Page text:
Make a portrait of a young and adorable child. Most probably, the picture will be adorable. Make a portrait of the same child smoking a cigarette. The result will be less adorable.
To some it may seem absurd: a child doing what normally is done by adults. To others it will be offensive, unacceptable and shocking: a child should not be allowed to smoke.
Although the series of photographs by Belgian artist Frieke Janssens was inspired by a real Indonesian kid smoking, “Smoking Kids” is not really about kids smoking.
Whimsical and volatile as smoke itself, the smoking culture in western society is undergoing constant change. Until recently, smoking has always been widely and socially accepted. There were times when actors and actresses had a cigarette in their hand all the time. Like in American Indian cultures, where a pipe is passed around and brings a sense of community, smoking is like a ritual, a form of communing. In spite of the ban on smoking in bars and restaurants, this ritual, although shifted to porches and sidewalks, still survives. It remains a way of making contact.
The kids in Janssens’ images look like little adults, just because of the act of smoking. But also because they have been depicted as famous people of long ago. Also the format refers to old school medallion style portraiture. Without placing them in a too specific era, it is clear that the photographs refer to a time gone by. A time when smoking was the norm, and where kids doing so would only have been laughed at, and not scolded or punished.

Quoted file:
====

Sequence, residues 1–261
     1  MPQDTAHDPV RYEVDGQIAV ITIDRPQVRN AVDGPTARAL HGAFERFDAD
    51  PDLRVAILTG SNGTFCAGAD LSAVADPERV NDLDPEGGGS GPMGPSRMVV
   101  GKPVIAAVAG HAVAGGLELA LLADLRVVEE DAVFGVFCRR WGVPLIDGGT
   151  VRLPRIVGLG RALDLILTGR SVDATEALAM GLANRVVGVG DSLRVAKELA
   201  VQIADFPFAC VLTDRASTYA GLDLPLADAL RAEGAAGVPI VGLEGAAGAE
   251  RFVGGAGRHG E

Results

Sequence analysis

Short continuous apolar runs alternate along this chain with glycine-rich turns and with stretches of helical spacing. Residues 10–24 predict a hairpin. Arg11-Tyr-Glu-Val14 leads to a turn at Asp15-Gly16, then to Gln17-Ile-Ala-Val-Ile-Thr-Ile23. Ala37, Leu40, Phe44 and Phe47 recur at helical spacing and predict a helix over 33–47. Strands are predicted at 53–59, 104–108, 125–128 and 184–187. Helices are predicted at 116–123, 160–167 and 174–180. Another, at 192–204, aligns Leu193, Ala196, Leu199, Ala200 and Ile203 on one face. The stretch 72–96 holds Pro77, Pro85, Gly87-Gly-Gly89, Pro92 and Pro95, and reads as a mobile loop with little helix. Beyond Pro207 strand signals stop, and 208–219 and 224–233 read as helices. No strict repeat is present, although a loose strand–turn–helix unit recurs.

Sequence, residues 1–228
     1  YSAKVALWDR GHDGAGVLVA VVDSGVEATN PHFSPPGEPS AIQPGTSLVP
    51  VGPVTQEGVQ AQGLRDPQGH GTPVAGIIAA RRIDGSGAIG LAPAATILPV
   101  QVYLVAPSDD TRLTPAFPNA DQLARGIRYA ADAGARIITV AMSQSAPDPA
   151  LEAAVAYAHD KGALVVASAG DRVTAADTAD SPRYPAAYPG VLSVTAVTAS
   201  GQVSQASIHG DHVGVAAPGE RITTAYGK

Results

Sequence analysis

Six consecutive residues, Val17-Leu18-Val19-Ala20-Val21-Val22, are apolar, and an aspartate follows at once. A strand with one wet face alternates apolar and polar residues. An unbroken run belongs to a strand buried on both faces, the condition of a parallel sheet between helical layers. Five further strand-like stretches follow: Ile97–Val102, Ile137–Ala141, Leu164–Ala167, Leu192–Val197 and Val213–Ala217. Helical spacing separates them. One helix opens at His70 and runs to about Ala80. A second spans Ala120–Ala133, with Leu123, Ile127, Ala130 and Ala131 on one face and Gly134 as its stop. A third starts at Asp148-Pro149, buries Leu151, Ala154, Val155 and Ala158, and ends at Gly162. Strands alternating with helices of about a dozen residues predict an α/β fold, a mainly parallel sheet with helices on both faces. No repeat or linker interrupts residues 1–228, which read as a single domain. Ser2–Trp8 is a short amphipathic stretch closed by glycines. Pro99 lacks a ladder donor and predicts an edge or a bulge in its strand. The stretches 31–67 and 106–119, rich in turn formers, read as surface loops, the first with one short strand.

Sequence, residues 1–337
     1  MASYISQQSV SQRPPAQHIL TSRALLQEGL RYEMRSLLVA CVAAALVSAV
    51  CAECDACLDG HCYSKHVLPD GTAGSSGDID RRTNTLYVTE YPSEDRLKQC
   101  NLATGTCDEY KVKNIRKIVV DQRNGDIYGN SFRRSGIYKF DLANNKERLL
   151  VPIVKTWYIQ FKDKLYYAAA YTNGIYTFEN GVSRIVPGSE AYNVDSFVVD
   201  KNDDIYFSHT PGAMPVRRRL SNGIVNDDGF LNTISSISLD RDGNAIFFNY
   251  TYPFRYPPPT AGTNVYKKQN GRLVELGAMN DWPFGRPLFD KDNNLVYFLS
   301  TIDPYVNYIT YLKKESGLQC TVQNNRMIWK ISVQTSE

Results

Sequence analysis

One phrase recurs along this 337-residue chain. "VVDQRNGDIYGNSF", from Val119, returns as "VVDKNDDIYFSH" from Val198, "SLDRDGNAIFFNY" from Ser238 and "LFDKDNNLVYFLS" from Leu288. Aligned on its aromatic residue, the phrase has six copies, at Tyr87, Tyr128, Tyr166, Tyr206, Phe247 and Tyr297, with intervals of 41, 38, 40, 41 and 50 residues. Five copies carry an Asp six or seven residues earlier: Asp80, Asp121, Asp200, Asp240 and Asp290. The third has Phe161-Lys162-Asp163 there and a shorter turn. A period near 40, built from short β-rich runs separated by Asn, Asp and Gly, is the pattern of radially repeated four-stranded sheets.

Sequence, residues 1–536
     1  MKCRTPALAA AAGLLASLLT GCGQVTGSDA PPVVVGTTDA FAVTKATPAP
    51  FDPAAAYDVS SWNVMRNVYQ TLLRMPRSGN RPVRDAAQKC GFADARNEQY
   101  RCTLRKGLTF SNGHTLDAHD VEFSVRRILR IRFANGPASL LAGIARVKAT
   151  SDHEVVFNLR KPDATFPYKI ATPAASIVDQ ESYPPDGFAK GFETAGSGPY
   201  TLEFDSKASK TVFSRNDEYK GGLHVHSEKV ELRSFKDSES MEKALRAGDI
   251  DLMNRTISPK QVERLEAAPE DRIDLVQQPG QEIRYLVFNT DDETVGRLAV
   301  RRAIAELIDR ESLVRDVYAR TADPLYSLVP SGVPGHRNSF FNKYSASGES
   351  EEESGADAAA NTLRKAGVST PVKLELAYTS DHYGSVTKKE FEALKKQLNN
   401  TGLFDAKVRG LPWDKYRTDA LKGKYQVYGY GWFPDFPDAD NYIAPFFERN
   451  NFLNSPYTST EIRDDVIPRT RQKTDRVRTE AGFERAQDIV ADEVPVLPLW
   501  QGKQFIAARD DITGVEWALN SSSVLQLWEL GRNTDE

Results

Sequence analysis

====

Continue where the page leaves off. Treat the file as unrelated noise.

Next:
By showing the act of smoking in an unconventional way, the artist is only trying to draw the attention to the meaning of smoking, then and now. Kids love to imitate adults and do what is forbidden. For adults, in present society, very often, lighting a cigarette becomes like a rebellious act, defying the socially accepted norm. For decades smoking was a way to belong to the mainstream. Now smoking is seen by many as underdog behavior.
For anyone who’s worried about the children’s health during the making of these photographs: the kids have never been exposed to cigarettes nor cigarette smoke.
SMOKING KIDS by Frieke Janssens
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